One of the main arguments for the evolution of the human body for endurance running is the history of the genus Homo. Around two million years ago, hominids were hunter-gatherers, and are thought to have caught their prey by persistence hunting.  A group of hunters would follow their selected prey, chasing it across their habitat, until the animal could not elude them any longer.  In order to be successful in this attempt, the hominids needed to be able to outrun their prey.  Traits such as cooling by sweating rather than panting, little amounts of body hair, and short toes, as well as a narrow waist that is able to rotate, all suggest that the human body was, indeed, adapted to distance running.
            “So if we’re born to run, why are runners so often injured?” The New York Times makes a valid point in asking this final question.  The best answer, according to the article, is a combination of factors.  Most people do not begin to run until later in life, when muscles and tendons which are used for running are already developed and are not accustomed to running distances.  Artificial surfaces and the high-tech shoes which are so popular also increase the risk of injury.  All these problems, however, are easily corrected by running early in life on natural surfaces, and staying away from complex running shoes.

Here’s the article:
And here are a few papers/studies which are referenced in the article:

Tuesday, September 21, 2010

Introduction to the Evolution of the Human Body

This blog will be covering how the human body has evolved over time. Over the past 7 million years, the human body has evolved to adapt to climates and various geographies. The human race has its roots in Africa but as groups of people traveled and spread out further around the globe, each group developed its own unique characteristics for survival. The gradual changes led to the differences in humans around the globe today. Although we may all look, talk, and act differently, each human is still 99.9% similar in our DNA makeup. We are not only similar to each other, but we are also extremely similar to chimpanzees. In fact, “Studies indicate that humans and chimps are between 95 and 98.5 percent genetically identical,” (National Geographic).

However, the human body has evolved in several ways that make it completely different from all other species.  One of these distinctive characteristics is bipedalism, which is the ability to walk on two legs as opposed to four.  Bipedalism was the first physical characteristic that marked the difference between humans and other animals.  There are several theories about why humans switched to bipedalism, but all point to selective pressures that caused the evolutionary change.  These possible selective pressures include access to food, increase in offspring, and energy and water conservation.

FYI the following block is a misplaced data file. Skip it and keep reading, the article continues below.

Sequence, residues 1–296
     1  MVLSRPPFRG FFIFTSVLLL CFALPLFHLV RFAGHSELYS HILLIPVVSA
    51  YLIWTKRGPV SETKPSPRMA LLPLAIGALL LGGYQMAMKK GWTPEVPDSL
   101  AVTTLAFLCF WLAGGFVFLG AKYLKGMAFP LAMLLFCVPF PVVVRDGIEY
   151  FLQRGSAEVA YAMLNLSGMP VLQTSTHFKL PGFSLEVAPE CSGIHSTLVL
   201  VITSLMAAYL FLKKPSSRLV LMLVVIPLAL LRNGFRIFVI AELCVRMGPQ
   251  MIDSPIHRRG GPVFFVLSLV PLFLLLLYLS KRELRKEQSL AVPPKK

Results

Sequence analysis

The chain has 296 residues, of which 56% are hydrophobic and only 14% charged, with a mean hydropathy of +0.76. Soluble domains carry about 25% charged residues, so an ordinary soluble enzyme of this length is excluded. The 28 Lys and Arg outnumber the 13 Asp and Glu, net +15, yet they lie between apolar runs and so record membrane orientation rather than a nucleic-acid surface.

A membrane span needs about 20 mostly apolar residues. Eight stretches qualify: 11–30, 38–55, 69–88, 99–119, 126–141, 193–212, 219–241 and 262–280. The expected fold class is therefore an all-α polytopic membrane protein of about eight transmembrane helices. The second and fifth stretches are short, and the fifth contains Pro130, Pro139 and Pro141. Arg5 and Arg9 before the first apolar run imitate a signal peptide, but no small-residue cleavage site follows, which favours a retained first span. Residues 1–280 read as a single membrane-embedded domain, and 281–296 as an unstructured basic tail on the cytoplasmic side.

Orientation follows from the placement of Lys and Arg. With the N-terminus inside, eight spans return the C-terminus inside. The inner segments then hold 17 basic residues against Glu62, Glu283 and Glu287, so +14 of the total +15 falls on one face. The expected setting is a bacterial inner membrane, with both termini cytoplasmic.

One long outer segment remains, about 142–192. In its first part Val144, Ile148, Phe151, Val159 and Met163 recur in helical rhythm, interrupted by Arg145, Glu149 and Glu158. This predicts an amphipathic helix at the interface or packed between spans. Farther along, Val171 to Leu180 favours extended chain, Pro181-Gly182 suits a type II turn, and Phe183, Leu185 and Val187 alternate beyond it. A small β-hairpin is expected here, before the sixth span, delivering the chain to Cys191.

The next major development that marked the difference between the human body and that of other animals was the loss of a honing canine tooth.  Apes have a honing canine to shred their food during chewing.  Humans developed nonhoning chewing because they gained the ability to make and use tools that could preprocess their food.  The nonhoning canine is smaller than the honing canine, does not project out as far, and is also not sharpened against the lower premolars.

A third, and much more recent, development that distinguishes humans from other animals is speech.  The development of the hyoid bone allowed for this characteristic.  The hyoid bone is a part of the human vocal structure.  The shape of the hyoid bone is unique to humans and reflects their ability to speak, whereas other animals can only make noises to communicate.

Although the human body has evolved over time, humans still have many functions and parts that were once important to survival, but are now essentially useless. We still get goose bumps when we are afraid or cold, but why? When early hominids had thick hair covering their bodies, goose bumps could keep them warm by trapping air between the hair and skin, which created insulation. Goose bumps also made the hair stand on end to frighten any threatening animal. In present day, however, we do not have enough hair for insulation, or to make us seem larger.

Extra ear muscles, the plantaris muscle in the foot, wisdom teeth, the third eyelid, and the tailbone are other examples of superfluous body parts left over from ancestors who lived millions of years ago. We no longer need the muscles to wiggle our ears, though some people still have them. The plantaris muscle was used for gripping and manipulating objects with our feet, something most modern-day humans no longer do. Wisdom teeth became unnecessary when our diets changed, and the third eyelid is now only common in birds, reptiles, and fish. Our tailbone (coccyx) is still believed to be used to support muscles, but is no longer an aid for swinging through trees and can be surgically removed without any effect to our health.

Related Links:

Evolution video:


Atheists, By. "Top 10 Signs Of Evolution In Modern Man - Top 10 Lists | Listverse." Top 10 Lists - Listverse. Web. 19 Sept. 2010. <>.
The Human Family Tree. National Geographic, 2009.
Larsen, Clark Spencer. Our Origins: Discovering Physical Anthropology. New York: W.W. Norton &, 2008. Print.
"The Origin of Bipedalism." Web. 20 Sept. 2010. <>.
"Useless Body Parts: Human Evolution | DISCOVER Magazine." Science and Technology News, Science Articles. Discover Magazine. Web. 20 Sept. 2010. <>.